Principal Romero explained how a huge part of childhood socialization is simple interacting alongside their parents — riding in a car to see their environment, going into stores and public spaces to see how other people interact with each other, specifically seeing how other people speak — that whole social element was disrupted for two years so kids did not have as many experiences with words and languages. She was also quick to point out that staying home, keeping kids home, was the right thing to do given that we were ‘protecting the health of our children’ but it’s now impacting our school systems.


“We’ve been talking about the negative things that have happened with COVID. Let me tell you, as an educator over 20 years, one of the blessings that came out of it is that our students are so proficient on the computer… The days of the computer lab are gone, every student now has an individual Chromebook, during COVID we were sending those home. Students’ computer skills have really gone up and I think parents can attest to that.”


While Principal Romero says that the school is looking for a new curriculum that leans more into digital learning, she also wants to be clear that she does not advocate replacing a classroom experience completely with digital, remote learning. She believes teachers and an in-person learning experience is critical for children. So, while students’ computer skills have excelled during the pandemic, schools still need to balance digital learning with in-person learning.


“I don’t think technology can replace human interaction. I don’t think it’s possible.”


Principal Romero comes from a rural community near Grants in west-central New Mexico, between Albuquerque and Gallup. When her two daughters were a little older she moved them to Albuquerque for more opportunities in education and, once they graduated, she came up north, spending some time in Española’s school district before settling in Questa.


Asked what is the most significant difference between a rural school district like Questa and a more urban district like Albuquerque, Romero responded, “I think the most significant difference is the opportunity that is in a rural district because there are less families, less students, and you can really get to know your people. Who are your parents, what are their strengths, what are their struggles, how can you support them? Oftentimes with small, rural districts the kids have been here since pre-K and they’re still here in sixth grade so you can really meet the needs of students because you’ve known them so long… There’s a big difference between 177 students, most of whom have been coming here since they were very young, and 400 students where it’s hard to even get to know everybody’s name. So that opportunity for personalization, that’s why I’m back in a rural district.”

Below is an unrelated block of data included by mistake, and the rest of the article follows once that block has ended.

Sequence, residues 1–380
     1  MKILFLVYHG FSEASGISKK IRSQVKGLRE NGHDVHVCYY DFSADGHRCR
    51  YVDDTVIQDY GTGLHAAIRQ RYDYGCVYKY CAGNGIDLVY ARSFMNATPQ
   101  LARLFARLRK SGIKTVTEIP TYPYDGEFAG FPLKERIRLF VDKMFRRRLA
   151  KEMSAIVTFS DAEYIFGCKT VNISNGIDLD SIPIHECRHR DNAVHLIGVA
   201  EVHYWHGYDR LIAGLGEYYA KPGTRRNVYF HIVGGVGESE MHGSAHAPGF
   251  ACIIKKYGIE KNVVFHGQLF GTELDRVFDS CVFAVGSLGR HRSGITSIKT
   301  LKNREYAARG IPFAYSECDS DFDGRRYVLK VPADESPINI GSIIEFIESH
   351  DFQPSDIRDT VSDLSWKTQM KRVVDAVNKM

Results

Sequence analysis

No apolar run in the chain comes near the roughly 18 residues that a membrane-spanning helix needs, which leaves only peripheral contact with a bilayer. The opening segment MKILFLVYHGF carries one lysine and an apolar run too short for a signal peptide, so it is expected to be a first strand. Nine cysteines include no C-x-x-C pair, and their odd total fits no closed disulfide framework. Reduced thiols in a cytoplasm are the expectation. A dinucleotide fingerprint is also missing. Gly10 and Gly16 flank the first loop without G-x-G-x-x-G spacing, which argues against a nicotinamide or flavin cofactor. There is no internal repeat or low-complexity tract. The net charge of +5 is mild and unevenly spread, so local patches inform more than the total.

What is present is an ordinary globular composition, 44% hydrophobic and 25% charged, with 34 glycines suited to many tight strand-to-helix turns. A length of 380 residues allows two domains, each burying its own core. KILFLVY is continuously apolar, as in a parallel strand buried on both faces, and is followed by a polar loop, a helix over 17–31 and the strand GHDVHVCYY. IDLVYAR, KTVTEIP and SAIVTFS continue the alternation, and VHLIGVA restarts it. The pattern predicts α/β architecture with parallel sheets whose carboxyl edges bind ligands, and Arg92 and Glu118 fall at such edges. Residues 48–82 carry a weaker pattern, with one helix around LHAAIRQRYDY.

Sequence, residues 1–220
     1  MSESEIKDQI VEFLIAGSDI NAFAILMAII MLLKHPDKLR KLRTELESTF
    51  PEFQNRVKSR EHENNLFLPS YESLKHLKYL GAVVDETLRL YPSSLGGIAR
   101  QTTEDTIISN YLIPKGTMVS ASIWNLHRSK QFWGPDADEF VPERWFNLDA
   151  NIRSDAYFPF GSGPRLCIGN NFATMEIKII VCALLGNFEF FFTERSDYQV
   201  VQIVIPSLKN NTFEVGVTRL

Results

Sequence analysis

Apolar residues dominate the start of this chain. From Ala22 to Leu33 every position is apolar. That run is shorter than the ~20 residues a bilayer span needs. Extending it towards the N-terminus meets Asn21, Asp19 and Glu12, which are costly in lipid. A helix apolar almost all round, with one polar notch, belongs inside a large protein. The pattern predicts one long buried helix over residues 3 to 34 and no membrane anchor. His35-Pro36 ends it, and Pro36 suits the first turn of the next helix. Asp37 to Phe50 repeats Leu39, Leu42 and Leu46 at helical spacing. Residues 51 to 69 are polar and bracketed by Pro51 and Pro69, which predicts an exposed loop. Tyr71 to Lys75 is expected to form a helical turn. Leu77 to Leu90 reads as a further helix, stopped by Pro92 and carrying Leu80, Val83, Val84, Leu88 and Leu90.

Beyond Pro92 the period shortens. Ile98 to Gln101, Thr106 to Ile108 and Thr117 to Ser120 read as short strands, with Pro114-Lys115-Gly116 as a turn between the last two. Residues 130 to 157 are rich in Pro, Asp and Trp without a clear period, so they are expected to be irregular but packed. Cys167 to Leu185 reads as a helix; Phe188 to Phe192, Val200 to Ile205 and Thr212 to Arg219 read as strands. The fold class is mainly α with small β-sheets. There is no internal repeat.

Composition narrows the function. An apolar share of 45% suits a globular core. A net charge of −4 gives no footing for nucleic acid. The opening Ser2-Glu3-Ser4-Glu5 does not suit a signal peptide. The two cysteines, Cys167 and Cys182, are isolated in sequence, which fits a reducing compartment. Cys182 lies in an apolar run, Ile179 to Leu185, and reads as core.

Romero believes an urban district can overcome that challenge, “By creating communities within the school, breaking up the bigger school community into smaller communities within the school. I’m always in favor of giving teachers more autonomy in their classrooms no matter what size of a district you’re in because there are multiple ways to learn. It’s a beautiful challenge, working on how to build a connection with a student.”


Romero says more could be done to keep parents involved in education. “There’s always more you can do, absolutely. I wish we had a stronger parent-teacher organization. I’ve not been able to get that up and running in a way that I would love to see happening in this school. There’s definitely room for improvement in any aspect of my job and bringing parents in is one way…. Right now, I don’t have a strong PTO (Parent Teacher Organization). That’s a goal.”

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  • Dylan R.N. Crabb

    Got a scoop on a good story? Let Dylan know. Visit Dylan's blog for more of his writing and political commentary on his website.